When is the last time you gave serious consideration to eternity and life after death?  Does this cause you fear or anxiety, or are you looking forward to reuniting wit h Christ?  Take time tonight to reflect on the eternal treasures that you are building up, and how you can adjust your life to pursue those things that will last forever.

[1] The Holy Bible: English Standard Version. (2016). (Ge 1:1–3). Wheaton: Standard Bible Society.

[2] The Holy Bible: English Standard Version. (2016). (Ec 3:9–15). Wheaton: Standard Bible Society.

September 3, Sunday

The AMI QT Devotionals from August 28-September 3 are provided by Hee Jung Lee. Hee Jung, a graduate of Biblical Theological Seminary, serves at Catalyst Agape Church (New Jersey) along with her husband Pastor Sam Lee. They have four beautiful daughters.

Devotional Thoughts for Today


Luke 9:1-3

When Jesus had called the Twelve together, He gave them power and authority to drive out all demons and to cure diseases, and He sent them out to proclaim the kingdom of God and to heal the sick. He told them: “Take nothing for the journey-no staff, no bag no bread, no money, no extra shirt.”

In this story found in Luke 9, Jesus gathers His disciples and does a few things whereby He sets a platform for them to have confidence to do His work. First, He commissions them by giving them power and authority, authorizing them. Jesus gives them simple commands—drive out demons, cure diseases, etc.—which seem very difficult to anyone. He releases them to demonstrate to others that the Kingdom of God was at hand and that Jesus had the answers to their sufferings, whether physical, spiritual, or emotional. Then, He also tells the disciples to take nothing for the journey. By this, He positions them to trust in Him for their provisional needs, setting them up to experience His power firsthand. Jesus wanted them to experience that God was not only capable but incredibly faithful. They were about to see that wherever they went, they would be carrying God’s very presence with them, and that God would always be with them.

These are truths for us today. Through the redemptive work of Jesus, we are now carriers of God’s presence to demonstrate to the world what the arrival of our Savior means for them. It is the Lord’s pleasure to reveal Himself to people through us. We need only to trust Him and mindfully step out as the disciples were commissioned to do. The Lord has already qualified us for His work. As with the disciples, He has given us a platform to be confident in Him. So let us not take this commissioning lightly, but allow ourselves to be that vessel that brings God’s answers to others—this is the good works He has prepared for us to do. Let us be intentional in our relationships and interactions with those whom God has placed in our lives, in order that we would be a source by which they will experience God’s amazing and faithful demonstration of Himself through our words, prayers, actions—and release of His miraculous ways.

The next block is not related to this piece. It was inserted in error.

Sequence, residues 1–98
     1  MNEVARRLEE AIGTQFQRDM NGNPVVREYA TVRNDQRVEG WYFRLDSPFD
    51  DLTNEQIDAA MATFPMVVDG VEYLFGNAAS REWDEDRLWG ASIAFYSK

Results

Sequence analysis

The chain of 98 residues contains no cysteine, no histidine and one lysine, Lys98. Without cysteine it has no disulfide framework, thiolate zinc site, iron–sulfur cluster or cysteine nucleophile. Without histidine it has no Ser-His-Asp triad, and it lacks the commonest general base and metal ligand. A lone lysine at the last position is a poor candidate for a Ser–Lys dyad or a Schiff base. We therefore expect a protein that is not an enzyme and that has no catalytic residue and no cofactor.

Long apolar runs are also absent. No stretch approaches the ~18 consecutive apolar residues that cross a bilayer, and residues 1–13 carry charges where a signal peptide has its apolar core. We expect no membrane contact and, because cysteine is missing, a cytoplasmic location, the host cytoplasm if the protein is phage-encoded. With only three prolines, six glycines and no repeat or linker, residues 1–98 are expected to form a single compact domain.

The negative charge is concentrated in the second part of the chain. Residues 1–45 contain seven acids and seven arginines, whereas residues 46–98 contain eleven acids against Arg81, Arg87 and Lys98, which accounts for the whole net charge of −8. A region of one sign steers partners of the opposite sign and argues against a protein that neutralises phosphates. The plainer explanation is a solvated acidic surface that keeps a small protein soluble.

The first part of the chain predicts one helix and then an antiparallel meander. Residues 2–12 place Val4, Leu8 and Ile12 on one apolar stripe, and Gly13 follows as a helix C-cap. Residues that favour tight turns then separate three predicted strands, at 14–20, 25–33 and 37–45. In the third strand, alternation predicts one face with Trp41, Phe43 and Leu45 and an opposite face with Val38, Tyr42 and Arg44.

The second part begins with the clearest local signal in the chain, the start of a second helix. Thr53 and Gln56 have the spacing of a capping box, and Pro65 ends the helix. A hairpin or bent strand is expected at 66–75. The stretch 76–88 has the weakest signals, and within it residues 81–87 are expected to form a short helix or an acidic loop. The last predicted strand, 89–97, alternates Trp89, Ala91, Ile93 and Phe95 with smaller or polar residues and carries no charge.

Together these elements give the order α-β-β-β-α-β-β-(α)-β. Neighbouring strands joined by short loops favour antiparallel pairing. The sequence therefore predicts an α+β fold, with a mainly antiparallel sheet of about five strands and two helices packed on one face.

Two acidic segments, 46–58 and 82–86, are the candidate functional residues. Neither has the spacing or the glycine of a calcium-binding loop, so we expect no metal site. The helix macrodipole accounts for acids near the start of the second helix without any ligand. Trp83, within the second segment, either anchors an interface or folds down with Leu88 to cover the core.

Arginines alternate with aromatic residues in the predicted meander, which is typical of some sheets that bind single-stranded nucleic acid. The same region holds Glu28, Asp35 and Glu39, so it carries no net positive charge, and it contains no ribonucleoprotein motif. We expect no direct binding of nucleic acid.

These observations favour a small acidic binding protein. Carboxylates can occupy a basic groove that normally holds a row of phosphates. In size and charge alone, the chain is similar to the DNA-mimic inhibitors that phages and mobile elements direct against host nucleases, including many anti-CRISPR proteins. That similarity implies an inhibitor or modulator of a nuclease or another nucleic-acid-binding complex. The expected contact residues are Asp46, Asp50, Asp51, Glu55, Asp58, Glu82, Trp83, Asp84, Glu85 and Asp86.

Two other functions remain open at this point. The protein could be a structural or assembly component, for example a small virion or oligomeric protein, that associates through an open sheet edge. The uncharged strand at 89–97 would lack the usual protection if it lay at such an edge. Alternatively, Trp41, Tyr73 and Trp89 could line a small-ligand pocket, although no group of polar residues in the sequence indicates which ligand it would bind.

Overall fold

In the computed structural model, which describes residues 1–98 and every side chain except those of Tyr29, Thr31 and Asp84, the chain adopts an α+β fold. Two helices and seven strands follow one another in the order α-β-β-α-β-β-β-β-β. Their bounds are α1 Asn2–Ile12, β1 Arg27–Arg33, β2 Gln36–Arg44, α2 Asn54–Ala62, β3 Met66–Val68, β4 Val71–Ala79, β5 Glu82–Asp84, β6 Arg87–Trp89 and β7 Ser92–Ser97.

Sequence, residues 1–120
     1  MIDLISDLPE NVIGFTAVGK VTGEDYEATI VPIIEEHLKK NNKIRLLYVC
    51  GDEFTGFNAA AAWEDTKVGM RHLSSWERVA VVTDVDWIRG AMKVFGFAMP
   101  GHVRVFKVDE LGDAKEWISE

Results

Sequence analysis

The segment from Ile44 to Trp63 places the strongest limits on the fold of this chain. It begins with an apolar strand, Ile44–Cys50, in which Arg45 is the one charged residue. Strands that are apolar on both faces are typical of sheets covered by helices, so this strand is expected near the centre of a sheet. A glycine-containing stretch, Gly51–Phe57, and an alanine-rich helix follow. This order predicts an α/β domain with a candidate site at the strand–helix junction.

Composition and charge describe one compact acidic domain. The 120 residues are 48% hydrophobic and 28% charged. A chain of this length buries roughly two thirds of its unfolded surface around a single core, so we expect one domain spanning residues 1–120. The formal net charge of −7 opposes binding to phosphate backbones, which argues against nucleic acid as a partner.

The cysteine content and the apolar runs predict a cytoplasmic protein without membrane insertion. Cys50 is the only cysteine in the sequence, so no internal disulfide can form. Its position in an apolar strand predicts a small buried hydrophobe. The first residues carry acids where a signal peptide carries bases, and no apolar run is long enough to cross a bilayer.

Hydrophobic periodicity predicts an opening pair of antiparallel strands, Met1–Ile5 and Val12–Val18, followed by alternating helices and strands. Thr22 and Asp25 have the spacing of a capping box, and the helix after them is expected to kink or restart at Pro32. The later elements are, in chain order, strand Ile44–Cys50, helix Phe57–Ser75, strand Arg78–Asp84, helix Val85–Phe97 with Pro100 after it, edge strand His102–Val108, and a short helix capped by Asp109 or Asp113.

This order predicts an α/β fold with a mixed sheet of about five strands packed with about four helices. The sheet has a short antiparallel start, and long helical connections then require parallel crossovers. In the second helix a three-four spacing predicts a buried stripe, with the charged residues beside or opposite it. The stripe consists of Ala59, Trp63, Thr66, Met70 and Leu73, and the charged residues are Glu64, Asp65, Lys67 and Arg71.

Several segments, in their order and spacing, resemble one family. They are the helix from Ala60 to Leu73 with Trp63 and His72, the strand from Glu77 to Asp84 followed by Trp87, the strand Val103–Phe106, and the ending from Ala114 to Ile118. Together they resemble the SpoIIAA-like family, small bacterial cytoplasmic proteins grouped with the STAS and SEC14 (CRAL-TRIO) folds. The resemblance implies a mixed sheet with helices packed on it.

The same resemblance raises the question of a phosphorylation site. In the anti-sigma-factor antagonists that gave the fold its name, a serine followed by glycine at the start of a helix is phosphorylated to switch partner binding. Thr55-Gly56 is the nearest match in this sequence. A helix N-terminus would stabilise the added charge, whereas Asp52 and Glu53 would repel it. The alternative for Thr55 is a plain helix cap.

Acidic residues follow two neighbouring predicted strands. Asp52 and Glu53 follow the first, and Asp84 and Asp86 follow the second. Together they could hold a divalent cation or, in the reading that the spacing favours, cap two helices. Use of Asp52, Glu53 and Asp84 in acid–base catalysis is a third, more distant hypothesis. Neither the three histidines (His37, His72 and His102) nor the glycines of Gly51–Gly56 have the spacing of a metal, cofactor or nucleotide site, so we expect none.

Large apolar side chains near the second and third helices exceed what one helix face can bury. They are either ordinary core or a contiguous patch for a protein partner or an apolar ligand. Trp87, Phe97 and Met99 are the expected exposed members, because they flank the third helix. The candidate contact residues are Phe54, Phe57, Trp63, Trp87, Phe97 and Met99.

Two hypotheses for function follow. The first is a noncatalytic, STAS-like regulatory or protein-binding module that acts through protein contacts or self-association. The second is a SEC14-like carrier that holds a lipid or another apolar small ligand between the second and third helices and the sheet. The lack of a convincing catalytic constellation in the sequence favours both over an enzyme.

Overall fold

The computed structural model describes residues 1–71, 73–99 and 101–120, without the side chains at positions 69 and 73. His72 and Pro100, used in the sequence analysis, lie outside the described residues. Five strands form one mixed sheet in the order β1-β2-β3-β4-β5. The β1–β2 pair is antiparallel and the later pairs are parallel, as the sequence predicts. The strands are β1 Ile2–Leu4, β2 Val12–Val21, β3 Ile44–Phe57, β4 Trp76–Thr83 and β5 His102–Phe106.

Prayer: Heavenly Father, thank You so much for not only trusting us to do Your work but equipping us with Your very presence to do it. Please help us to be willing but to also be compelled by Your love to be that vessel. Allow us, Lord, to experience and also demonstrate Your great power working through us. In Jesus’ name. Amen.

Bible Reading: Isaiah 24

August 21, Monday

Today’s AMI QT Devotional is provided by Pastor Ryun Chang.


1 John 3:18-20 (NIV 1984)

Dear children, let us not love with words or tongues but with actions and in truth.  This then is how we know that we belong to the truth, and how we set our hearts at rest in his presence 20 whenever our hearts condemn us.  For God is greater than our hearts, and he knows everything.”

When facing a temptation—like looking at porn or spreading rumors—recognizing the choice between sinning and not sinning isn’t as hard as choosing not to sin.   What’s difficult is having to choose between two seemingly valid options. Consider the following example which I wrote while attending seminary in Southern California.

“Last Wednesday, I was once again fighting the traffic to get to my 8 am class.  The ride to the school, located about 30 miles from my home, usually takes anywhere from 45 minutes to one and a half hours.  I try to be on time out of respect for my professor and to avoid my grade being docked for tardiness.  That morning, as I was cruising fast, I saw an elderly man pushing his stalled car off the road; I continued to drive.  Immediately, however, my conscience began to bother me: Well, what is more important: my grade or helping that man out?  So, I made a U‑turn to return to him, only to find that he was already being helped.  Although I was late to my class, again, I didn’t feel as bad as other times because I felt like I had made the right decision (though a tad late).”